A Texas man who shot dead 23 people at an El Paso Walmart does not face the federal death penalty, prosecutors said Tuesday.
Patrick Crusius, now 24, opened fire at the supermarket in August 2019 after posting a slew of racist material online.
He will face trial on 90 hate crime charges in January 2024 but will not be federally executed after Joe Biden campaigned for federal abolition of the death penalty and the Attorney General imposed a moratorium in July 2021.
However, Crusius could still be executed by the state of Texas.
His lawyers argued that their client had been diagnosed with an intellectual disability, which should be a red flag to prosecutors.
They said Crusius was “diagnosed with severe, lifelong neurological and mental disabilities” and was treated with antipsychotic drugs after his arrest shortly after the El Paso massacre.
The prison’s mental health staff determined that the then 21-year-old was in a “psychotic state”.
Patrick Crusius “was diagnosed with a severe, lifelong neurological and mental disability,” his attorneys wrote in a court filing
Crusius’ mental illnesses, which were previously unreported, were revealed in a request from his lawyers for more time to investigate these “mitigating issues” due to the coronavirus pandemic.
Crusius’ mental health condition, which has not been previously reported, was revealed in a request from his lawyers for more time for the investigation
“The attorney must gather all the information necessary to brief experts who will then be able to question Mr. Crusius in prison and provide expert opinions on his mental state at the time of the shooting,” the filing reads, CBS reports DFW. “As of now, no experts can accomplish these things as they are either required to stay at home by the government or their employers, or are in a high-risk category for COVID and cannot travel to meet Mr. Crusius.”
The court papers also state that Crusius was in a special school for much of his schooling, but does not address his mental health. A lawyer for his family, Christopher Ayres, declined to comment.
Crusius was arrested shortly after the August 3 shooting. Police later said he confessed to driving from his home near Dallas to the border town to attack Mexicans. Shortly before the attack, prosecutors said he posted a racist screed online that railed against Hispanics coming to the United States.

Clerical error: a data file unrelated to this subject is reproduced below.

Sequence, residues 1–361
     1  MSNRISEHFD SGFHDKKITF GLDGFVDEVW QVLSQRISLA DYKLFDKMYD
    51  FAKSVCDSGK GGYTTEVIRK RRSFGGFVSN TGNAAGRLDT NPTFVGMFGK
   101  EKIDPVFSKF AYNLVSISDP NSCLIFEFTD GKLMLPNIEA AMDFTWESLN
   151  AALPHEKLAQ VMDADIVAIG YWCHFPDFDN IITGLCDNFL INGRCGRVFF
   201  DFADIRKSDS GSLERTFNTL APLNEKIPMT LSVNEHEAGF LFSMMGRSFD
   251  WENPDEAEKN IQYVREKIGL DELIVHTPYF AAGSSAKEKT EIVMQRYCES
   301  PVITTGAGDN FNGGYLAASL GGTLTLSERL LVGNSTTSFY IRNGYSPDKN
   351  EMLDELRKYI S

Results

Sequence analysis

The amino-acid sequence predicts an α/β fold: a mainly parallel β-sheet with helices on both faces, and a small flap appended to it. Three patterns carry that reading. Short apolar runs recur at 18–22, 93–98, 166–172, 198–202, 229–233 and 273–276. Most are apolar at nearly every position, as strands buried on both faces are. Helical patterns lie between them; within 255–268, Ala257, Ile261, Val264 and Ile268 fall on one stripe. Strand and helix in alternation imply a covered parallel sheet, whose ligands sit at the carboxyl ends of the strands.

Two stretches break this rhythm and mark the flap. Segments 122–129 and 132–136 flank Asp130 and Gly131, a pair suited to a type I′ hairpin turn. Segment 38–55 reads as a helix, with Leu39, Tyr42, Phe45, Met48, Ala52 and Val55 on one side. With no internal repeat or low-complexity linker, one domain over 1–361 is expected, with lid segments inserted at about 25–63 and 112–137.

Crusius has pleaded not guilty to a state case in which prosecutors are seeking the death penalty, but has not entered a plea in law on the numerous hate crime and gun charges he faces in federal court. A trial date was not set in either case.
The August 3 shooting in El Paso left dozens wounded and eventually killed 23 people
A conviction on the federal charges could also carry a death sentence, and attorneys for Crusius said in their court filing on Saturday that prosecutors said they would proceed until July 30 with a decision on which sentence to seek.
David Lane, a Colorado-based defense attorney, wrote that this schedule would violate Crusius’ constitutional rights because the virus has blocked their investigation of issues the government needs to consider.
Crusius has pleaded not guilty to a state case in which prosecutors are seeking the death penalty, but has not entered a plea in law on the numerous hate crime and gun charges he faces in federal court
Lane, who is over 65, said security concerns have prevented the defense team from conducting face-to-face interviews since mid-March, including with Crusius, who is being held without bail. He asked the judge to schedule a hearing on these issues in October.
Federal prosecutors oppose the motion and have said the attorney general will decide whether to seek the death penalty. They do not immediately respond to a request for comment.
Lane declined to comment, saying, “The motion speaks for itself.”
About four dozen people were hit by gunfire, and 20 were killed instantly during the Aug. 3 shooting. Two other victims died of their wounds two days later. Another victim died in late April.
Police said they arrested Crusius near the shooting after he surrendered to officers and told them he was targeting “Mexicans”. They also credited him with a four-page racist screed denouncing a Hispanic “invasion” of Texas and the United States and calling for ethnic and racial segregation.
Police said they arrested Crusius near the shooting after he surrendered to officers and told them he was targeting “Mexicans”. FBI agents after the August 3 shooting
The shooting was the largest terrorist attack on Hispanics in modern history and spread fear throughout the Latino community.
After the attack, El Paso police said the Walmart had previously hired off-duty armed cops to guard larger stores but eventually removed them.
The store where filming took place reopened in November.
The attack in the Texas border town was followed just 13 hours later by a mass shooting in Dayton, Ohio, in which a gunman killed nine people and injured 27 others before being shot dead by police.
The successive massacres sparked a political outcry when El Paso native and then-Democratic Party presidential candidate Beto O’Rourke called for mandatory confiscation of the assault rifles often used in mass shootings.
https://www.soundhealthandlastingwealth.com/uncategorized/feds-will-not-seek-death-penalty-for-el-paso-walmart-gunman-patrick-crusius-who-killed-23-people/?utm_source=rss&utm_medium=rss&utm_campaign=feds-will-not-seek-death-penalty-for-el-paso-walmart-gunman-patrick-crusius-who-killed-23-people FBI agents will NOT seek the death penalty for Patrick Crusius, the El Paso Walmart shooter who killed 23 people